Now that I am finding out more about the cryptids here in Utah, more stories will be coming in the future. Does the Bear Lake Monster exist? I'm not really sure, and like with other cryptid stories I'll let the reader decide.

February 17, 2010

Utah's Haunted Mansion: McCune Mansion

Every place has its old haunted mansion. Utah's haunted mansion is a place called McCune Mansion, located in downtown Salt Lake City. The mansion is not one of those scary, falling apart type places often shown in older movies. Instead, McCune Mansion is breathtakingly beautiful both inside and out. I have talked to many people about the mansion, and so many of them have noticed McCune for its beauty just from driving by. It is surprising to me, though, how many of these people don't know it's haunted.

One of the first Examiner articles I wrote was on McCune Mansion - you can read it here. When I started doing the paranormal column I knew I had to do a piece on McCune. I went there once when I was younger and something about the place felt off, yet the mansion felt almost like a mini castle. I would even go so far as to say McCune Mansion is Utah's version of The Bilmore Estate (although the Biltmore is much more breathtaking, I have to admit). When I visited the place before I was a teenager and my sister was searching for a location to hold her wedding reception. I am sure she was drawn to the dramatic elements throughout McCune (as well as a prime location). The guide who showed us through explained to my sister that she needed to know before booking the location that it was haunted. The guide went on to explain that many wedding parties had come set up hours before a reception, left, and come back to things rearranged. Not understanding what happened, the parties have accused cleaning crews or others of messing their place settings and such up when in fact nobody had been in the room since the wedding party left it.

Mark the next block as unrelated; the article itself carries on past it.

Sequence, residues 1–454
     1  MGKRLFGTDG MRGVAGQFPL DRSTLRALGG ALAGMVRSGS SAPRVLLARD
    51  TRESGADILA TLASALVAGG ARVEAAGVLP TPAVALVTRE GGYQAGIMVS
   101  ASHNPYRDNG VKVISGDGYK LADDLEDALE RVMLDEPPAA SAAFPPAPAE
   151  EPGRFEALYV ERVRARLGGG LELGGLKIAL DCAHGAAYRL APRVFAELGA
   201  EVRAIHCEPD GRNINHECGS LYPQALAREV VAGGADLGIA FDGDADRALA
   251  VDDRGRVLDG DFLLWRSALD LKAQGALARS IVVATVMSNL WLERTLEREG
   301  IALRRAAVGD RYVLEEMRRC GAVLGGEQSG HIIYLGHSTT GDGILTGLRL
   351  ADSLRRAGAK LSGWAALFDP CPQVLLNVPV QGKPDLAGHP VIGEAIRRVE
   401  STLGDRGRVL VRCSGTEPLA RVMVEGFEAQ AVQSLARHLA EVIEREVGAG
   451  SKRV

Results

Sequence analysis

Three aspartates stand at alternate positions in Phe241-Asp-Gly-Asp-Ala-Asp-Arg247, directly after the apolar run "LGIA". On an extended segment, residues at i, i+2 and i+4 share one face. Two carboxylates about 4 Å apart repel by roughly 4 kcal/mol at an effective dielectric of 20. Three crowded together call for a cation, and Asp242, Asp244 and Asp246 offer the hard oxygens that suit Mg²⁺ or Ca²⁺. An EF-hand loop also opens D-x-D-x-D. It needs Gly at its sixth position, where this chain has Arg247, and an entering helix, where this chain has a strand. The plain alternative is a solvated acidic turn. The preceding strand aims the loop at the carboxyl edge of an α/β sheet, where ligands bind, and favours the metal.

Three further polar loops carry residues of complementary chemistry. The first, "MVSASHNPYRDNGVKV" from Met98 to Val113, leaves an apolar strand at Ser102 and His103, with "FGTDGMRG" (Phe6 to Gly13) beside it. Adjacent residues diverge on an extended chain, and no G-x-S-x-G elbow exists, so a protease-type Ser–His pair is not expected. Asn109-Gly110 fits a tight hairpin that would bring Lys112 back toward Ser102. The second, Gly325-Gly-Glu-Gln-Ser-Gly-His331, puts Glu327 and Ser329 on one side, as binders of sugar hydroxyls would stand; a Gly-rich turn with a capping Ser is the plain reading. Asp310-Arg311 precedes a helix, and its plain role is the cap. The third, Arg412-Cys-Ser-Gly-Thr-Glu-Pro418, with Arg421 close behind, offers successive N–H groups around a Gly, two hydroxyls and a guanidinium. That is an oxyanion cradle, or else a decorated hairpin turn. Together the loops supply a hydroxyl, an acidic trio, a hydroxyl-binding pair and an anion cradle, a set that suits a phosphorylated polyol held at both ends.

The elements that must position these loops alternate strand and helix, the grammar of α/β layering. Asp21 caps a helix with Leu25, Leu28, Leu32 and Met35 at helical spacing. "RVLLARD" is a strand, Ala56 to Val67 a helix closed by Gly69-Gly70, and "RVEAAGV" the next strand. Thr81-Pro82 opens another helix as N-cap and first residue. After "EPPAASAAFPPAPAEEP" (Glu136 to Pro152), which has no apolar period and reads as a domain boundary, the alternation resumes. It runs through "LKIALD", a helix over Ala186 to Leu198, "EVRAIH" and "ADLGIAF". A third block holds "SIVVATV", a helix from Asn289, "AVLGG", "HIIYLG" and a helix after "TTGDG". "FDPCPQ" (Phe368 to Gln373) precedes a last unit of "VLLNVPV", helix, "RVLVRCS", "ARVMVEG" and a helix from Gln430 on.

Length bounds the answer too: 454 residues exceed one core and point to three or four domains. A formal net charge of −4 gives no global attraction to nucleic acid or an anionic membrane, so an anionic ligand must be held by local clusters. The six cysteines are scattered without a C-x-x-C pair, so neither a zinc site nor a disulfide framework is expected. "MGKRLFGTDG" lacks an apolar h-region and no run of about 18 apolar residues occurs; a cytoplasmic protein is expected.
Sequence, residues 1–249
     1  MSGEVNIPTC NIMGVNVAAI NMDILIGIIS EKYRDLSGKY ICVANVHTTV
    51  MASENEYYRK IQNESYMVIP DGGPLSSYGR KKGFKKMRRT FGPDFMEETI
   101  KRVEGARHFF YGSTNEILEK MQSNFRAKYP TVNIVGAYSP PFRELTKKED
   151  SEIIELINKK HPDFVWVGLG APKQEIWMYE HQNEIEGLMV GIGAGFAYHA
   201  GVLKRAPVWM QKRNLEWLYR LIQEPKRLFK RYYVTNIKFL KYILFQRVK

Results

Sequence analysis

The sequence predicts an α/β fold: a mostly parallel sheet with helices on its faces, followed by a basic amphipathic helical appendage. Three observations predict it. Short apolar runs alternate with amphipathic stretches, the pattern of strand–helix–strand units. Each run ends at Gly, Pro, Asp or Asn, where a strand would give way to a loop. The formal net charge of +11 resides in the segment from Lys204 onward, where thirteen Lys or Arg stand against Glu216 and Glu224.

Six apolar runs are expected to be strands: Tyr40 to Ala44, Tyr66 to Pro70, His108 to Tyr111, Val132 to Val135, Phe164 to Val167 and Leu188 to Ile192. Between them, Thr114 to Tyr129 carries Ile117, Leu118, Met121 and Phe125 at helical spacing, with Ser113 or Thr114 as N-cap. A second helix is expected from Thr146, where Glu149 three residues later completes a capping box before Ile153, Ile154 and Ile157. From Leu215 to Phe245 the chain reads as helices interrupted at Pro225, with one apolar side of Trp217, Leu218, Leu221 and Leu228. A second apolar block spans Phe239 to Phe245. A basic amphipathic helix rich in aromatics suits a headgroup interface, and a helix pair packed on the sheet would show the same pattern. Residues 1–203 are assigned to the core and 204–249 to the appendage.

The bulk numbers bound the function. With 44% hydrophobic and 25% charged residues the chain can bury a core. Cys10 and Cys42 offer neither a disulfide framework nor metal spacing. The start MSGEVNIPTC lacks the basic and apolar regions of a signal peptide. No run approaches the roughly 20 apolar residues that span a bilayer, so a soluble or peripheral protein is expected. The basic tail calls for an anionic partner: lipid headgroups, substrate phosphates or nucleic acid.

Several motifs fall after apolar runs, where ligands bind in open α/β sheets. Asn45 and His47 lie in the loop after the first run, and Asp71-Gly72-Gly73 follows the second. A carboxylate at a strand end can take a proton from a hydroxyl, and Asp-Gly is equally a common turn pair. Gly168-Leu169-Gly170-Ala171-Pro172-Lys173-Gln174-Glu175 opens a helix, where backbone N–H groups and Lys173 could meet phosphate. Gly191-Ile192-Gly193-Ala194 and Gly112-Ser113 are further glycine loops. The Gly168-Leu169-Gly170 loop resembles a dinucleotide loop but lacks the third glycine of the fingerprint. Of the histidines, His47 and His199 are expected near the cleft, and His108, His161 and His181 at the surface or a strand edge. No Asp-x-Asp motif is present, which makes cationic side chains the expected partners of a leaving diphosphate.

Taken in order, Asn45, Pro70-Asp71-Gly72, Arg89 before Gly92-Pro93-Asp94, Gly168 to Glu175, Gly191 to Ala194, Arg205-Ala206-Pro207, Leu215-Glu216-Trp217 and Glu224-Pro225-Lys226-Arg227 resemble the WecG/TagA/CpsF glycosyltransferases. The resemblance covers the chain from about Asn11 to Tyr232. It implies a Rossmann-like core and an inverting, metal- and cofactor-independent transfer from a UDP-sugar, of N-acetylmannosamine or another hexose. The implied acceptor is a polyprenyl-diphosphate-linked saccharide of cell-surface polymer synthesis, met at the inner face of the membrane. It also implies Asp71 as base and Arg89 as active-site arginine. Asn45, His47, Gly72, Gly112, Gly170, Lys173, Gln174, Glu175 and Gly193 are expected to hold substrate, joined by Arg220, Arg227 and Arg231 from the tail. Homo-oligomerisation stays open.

My sister did not end up having her reception at McCune Mansion, but I don't think it had to do with the haunting going on there. In a way I was not dissapointed, though. When we went through the building the ballroom there gave me the creeps, and I have not been back inside that room since.